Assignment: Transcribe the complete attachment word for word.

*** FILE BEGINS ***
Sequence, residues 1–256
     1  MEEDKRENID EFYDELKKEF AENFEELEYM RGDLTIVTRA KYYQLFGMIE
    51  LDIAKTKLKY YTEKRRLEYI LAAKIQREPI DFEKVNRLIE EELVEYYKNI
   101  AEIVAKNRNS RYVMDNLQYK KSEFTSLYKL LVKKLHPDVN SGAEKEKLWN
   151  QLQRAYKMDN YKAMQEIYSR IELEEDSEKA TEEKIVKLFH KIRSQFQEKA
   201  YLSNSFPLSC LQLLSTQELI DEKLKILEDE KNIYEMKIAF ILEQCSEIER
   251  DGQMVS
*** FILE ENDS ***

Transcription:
Sequence, residues 1–256
     1  MEEDKRENID EFYDELKKEF AENFEELEYM RGDLTIVTRA KYYQLFGMIE
    51  LDIAKTKLKY YTEKRRLEYI LAAKIQREPI DFEKVNRLIE EELVEYYKNI
   101  AEIVAKNRNS RYVMDNLQYK KSEFTSLYKL LVKKLHPDVN SGAEKEKLWN
   151  QLQRAYKMDN YKAMQEIYSR IELEEDSEKA TEEKIVKLFH KIRSQFQEKA
   201  YLSNSFPLSC LQLLSTQELI DEKLKILEDE KNIYEMKIAF ILEQCSEIER
   251  DGQMVS